Wednesday, December 29, 2010

Bad Timing For First Execution On Obama's Watch

Bad Timing For First Execution On Obama's Watch 
By Earl Ofari Hutchinson 

President Obama soon will have to face and make yet another tough and potentially controversial decision. The issue this time is the federal death penalty. Currently there are nearly five dozen prisoners sitting on federal death row. The majority of the condemned are African-American.

Since the federal death penalty was ramped up during the Clinton administration only three federal prisoners have been executed in the past decade, the most notorious being Oklahoma City mass bomber Timothy McVeigh. Clinton, though no opponent of the death penalty, did not have to sign off on a death warrant. McVeigh was executed on President George W. Bush's watch. Bush was a staunch backer of the death penalty signing off on a staggering 152 executions during his stints as Texas governor. But Obama likely won't have the luxury of evading making a decision on a death sentence as Clinton did or toughening it out and simply saying and doing nothing as Bush did. This is where it gets sticky.

The Bureau of Prisons which sets execution dates says that it will set a date for the execution of Jeffrey Paul convicted of the murder of a retired National Park Service employee in Arkansas in 1995. Obama has been conflicted on the death penalty and Attorney General Eric Holder has also has expressed reservations about the policy. Obama pushed legislation as an Illinois state senator that put severe limits on suspect interrogations and the type of crimes that the death penalty could be applied to. In his groundbreaking book, The Audacity of Hope, he made it plain that he did not regard the death penalty as a deterrent.

During his stint as Deputy Attorney General in the Clinton administration, Holder did a comprehensive review of the gaping racial disparities in the death penalty and called the findings "very disturbing." What was disturbing was that those most likely to get the death penalty were overwhelmingly African-American and Hispanic. Holder called for reforms that included giving federal prosecutors more freedom to seek or not seek the death penalty, and to not seek it in states that did not have the death penalty.

The lop sided racial imbalance in the death penalty sentences was clearly an issue that Holder sought to address in the mild reforms. The reforms probably did much too at least momentarily reduce the number of death penalties federal prosecutors sought, and this slowed down the flow to federal death row. The last federal execution was seven years ago.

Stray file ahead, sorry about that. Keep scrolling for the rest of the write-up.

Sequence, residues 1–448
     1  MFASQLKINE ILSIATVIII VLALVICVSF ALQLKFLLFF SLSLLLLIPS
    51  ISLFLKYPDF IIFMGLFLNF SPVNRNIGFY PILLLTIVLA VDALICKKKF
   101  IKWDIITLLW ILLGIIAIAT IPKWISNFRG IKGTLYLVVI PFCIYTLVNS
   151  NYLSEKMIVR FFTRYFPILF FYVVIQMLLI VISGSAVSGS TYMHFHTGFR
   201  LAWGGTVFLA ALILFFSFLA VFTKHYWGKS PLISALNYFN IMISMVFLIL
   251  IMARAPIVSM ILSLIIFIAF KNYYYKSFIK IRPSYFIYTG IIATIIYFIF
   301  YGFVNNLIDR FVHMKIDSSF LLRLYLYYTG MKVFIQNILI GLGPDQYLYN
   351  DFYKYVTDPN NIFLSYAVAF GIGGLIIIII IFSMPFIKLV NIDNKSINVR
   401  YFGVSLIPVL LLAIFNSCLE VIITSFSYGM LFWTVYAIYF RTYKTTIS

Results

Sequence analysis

But things have changed. Crime is not the dominant issue of a few years ago. There has been some softening in public attitudes on the death penalty, and the Supreme Court has barred executing the mentally disturbed and teen offenders. But public support of the death penalty support is still strong, executions are still carried out with little public outcry, and the fear of terrorist attacks is still a major public concern, and the public supports tough measures against terrorists. Holder has authorized death penalty sentences in some select cases.

President Obama has also taken a different public tact on the death penalty. During the presidential campaign, he rapped the Supreme Court's decision that ruled the death penalty unconstitutional in a child rape case where the child wasn't murdered and has made it clear that their are "some "heinous crimes" that warrant the death penalty":

The two questions then are: what are those crimes, and under what circumstances would Obama stand aside at the moment the inevitable appeal for clemency, commutation, or the postponement of a death sentence, in this case Paul's, landed on his desk for a decision? Paul's attorney is asking that the death penalty sentence against him be scrapped based on "severe mental illness" claim. That may or may not happen. If not that would clear the way for the execution which could legally be carried out within 120 days after the final court rejection of his filing for dismissal of the death penalty verdict. The final decision would then whether to intervene or not would then be up to Obama. So far neither Obama nor Holder has publicly given any indication of how they would proceed in such a case. 

Death penalty opponents, though, are not optimistic. There's the shifting conservative political climate, the fast approaching start of the 2012 presidential campaign season, and the issue Obama must deal with of how to apply the death penalty to the military commission he's proposed for terrorism prisoners at Guantanamo. The conflicting issues of terrorism, politics, and of course race make the decision over what, when and how to use the federal death penalty yet another tough decision that President Obama will have to face and make.

Earl Ofari Hutchinson is an author and political analyst. He hosts nationally broadcast political affairs radio talk shows on Pacifica and KTYM Radio Los Angeles. Follow Earl Ofari Hutchinson on Twitter: and on and view The Hutchinson Report on

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